rsu.sep {epiR} | R Documentation |
Calculates the probability that the prevalence of disease in a population is less than or equal to a specified design prevalence following return of a specified number of negative test results.
rsu.sep(N, n, pstar, se.u)
N |
scalar or vector, integer representing the population size. |
n |
scalar or vector, integer representing the number of units sampled. |
pstar |
scalar or vector of the same length as |
se.u |
scalar or vector of the same length as |
A vector of the estimated probability that the prevalence of disease in the population is less than or equal to the specified design prevalence.
MacDiarmid S (1988). Future options for brucellosis surveillance in New Zealand beef herds. New Zealand Veterinary Journal 36: 39 - 42.
Martin S, Shoukri M, Thorburn M (1992). Evaluating the health status of herds based on tests applied to individuals. Preventive Veterinary Medicine 14: 33 - 43.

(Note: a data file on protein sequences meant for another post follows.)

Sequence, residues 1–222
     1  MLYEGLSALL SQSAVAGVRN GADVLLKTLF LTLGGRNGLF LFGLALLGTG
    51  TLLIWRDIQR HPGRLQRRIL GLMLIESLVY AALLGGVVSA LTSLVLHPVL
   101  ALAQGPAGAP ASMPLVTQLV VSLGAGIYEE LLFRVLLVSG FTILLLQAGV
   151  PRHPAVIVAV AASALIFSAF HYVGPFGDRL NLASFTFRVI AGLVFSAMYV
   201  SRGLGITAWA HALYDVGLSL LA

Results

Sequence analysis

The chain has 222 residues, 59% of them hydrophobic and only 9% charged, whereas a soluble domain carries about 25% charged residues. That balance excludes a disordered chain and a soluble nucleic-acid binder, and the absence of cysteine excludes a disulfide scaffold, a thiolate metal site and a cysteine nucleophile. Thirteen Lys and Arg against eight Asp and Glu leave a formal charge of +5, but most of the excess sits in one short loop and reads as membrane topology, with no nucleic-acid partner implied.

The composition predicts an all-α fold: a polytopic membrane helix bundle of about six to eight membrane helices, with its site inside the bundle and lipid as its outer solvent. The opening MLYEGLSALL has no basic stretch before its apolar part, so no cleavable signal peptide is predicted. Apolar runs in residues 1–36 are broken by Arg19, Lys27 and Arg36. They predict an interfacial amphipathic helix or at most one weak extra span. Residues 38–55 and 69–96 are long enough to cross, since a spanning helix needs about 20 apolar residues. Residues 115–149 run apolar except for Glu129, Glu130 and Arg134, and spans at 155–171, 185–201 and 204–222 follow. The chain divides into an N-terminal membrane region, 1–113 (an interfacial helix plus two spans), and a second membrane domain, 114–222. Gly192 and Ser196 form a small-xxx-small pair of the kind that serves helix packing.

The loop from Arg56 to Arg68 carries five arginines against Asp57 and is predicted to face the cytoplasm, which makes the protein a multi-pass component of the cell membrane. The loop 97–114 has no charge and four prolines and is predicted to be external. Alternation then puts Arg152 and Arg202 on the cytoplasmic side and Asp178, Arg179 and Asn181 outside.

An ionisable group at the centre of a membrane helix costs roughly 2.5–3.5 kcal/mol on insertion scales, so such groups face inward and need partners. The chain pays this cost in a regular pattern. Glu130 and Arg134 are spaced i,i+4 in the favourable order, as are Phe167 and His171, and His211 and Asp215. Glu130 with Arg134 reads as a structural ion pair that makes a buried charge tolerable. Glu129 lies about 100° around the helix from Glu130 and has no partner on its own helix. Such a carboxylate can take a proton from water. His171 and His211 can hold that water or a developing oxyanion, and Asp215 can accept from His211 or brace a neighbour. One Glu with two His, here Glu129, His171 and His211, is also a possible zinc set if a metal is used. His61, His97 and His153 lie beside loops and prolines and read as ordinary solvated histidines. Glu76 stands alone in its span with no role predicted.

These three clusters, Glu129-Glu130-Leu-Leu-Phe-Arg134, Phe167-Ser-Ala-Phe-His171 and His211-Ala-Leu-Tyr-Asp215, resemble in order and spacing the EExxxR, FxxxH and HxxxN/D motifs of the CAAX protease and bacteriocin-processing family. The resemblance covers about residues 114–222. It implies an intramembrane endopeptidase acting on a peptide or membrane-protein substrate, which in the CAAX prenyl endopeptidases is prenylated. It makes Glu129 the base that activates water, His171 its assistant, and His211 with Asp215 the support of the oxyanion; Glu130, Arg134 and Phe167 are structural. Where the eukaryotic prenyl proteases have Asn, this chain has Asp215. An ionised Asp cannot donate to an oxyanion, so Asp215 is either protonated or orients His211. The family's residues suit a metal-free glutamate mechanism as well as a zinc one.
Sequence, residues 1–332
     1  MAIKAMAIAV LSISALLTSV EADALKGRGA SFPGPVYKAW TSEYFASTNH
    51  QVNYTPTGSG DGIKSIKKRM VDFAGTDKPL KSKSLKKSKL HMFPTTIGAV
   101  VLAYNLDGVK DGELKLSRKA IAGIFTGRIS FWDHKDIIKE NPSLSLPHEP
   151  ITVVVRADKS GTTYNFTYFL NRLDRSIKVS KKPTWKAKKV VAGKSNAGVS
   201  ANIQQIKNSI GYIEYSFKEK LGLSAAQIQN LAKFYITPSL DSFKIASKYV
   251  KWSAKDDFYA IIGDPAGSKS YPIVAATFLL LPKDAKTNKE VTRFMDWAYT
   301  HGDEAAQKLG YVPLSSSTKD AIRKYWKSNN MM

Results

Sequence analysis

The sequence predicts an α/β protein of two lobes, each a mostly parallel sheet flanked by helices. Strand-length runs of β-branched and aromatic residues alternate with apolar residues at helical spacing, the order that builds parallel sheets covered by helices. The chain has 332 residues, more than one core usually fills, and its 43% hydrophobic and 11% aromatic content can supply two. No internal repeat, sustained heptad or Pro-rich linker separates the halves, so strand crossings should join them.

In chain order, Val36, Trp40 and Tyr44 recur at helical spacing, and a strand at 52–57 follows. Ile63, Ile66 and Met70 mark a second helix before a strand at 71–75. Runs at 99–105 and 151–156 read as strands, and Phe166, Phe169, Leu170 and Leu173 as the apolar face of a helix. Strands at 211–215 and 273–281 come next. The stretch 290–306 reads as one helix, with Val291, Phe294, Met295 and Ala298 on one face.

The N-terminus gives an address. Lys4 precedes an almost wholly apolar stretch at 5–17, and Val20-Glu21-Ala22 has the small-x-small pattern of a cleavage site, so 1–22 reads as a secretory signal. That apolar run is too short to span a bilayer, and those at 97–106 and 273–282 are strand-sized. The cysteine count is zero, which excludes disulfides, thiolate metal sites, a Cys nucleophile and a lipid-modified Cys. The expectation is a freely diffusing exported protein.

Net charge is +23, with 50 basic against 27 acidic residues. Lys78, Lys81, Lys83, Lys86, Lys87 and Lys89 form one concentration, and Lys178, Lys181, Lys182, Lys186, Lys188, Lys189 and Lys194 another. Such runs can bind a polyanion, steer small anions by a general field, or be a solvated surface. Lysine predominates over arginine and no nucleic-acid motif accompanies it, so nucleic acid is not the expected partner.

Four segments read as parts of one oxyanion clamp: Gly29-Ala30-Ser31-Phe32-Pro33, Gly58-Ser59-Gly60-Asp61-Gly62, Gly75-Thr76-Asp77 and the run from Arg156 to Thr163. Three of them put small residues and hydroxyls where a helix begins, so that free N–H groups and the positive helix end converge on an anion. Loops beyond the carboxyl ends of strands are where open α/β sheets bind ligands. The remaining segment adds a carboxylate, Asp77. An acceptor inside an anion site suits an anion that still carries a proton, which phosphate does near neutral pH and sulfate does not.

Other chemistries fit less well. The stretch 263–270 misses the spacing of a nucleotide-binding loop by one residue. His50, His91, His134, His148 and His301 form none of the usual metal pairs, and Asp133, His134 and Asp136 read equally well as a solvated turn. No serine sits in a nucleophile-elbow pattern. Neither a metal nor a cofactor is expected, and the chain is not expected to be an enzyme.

## EXAMPLE 1: ## The population size in a provincial area is 193,000. In a given two- ## week period 7764 individuals have been tested for COVID-19 using an ## approved PCR test which is believed to have a diagnostic sensitivity of ## 0.85. All individuals have returned a negative result. What is the ## probability that the prevalence of COVID-19 in this population is less ## than or equal to 100 cases per 100,000? rsu.sep(N = 193000, n = 7764, pstar = 100 / 100000, se.u = 0.85) ## If all of the 7764 individuals returned a negative test we can be more than ## 99% confident that the prevalence of COVID-19 in the province is less ## than 100 per 100,000. ## EXAMPLE 2: ## What is the probability that the prevalence of COVID-19 is less than or ## equal to 10 cases per 100,000? rsu.sep(N = 193000, n = 7764, pstar = 10 / 100000, se.u = 0.85) ## If all of the 7764 individuals returned a negative test we can be 48% ## confident that the prevalence of COVID-19 in the province is less ## than 10 per 100,000.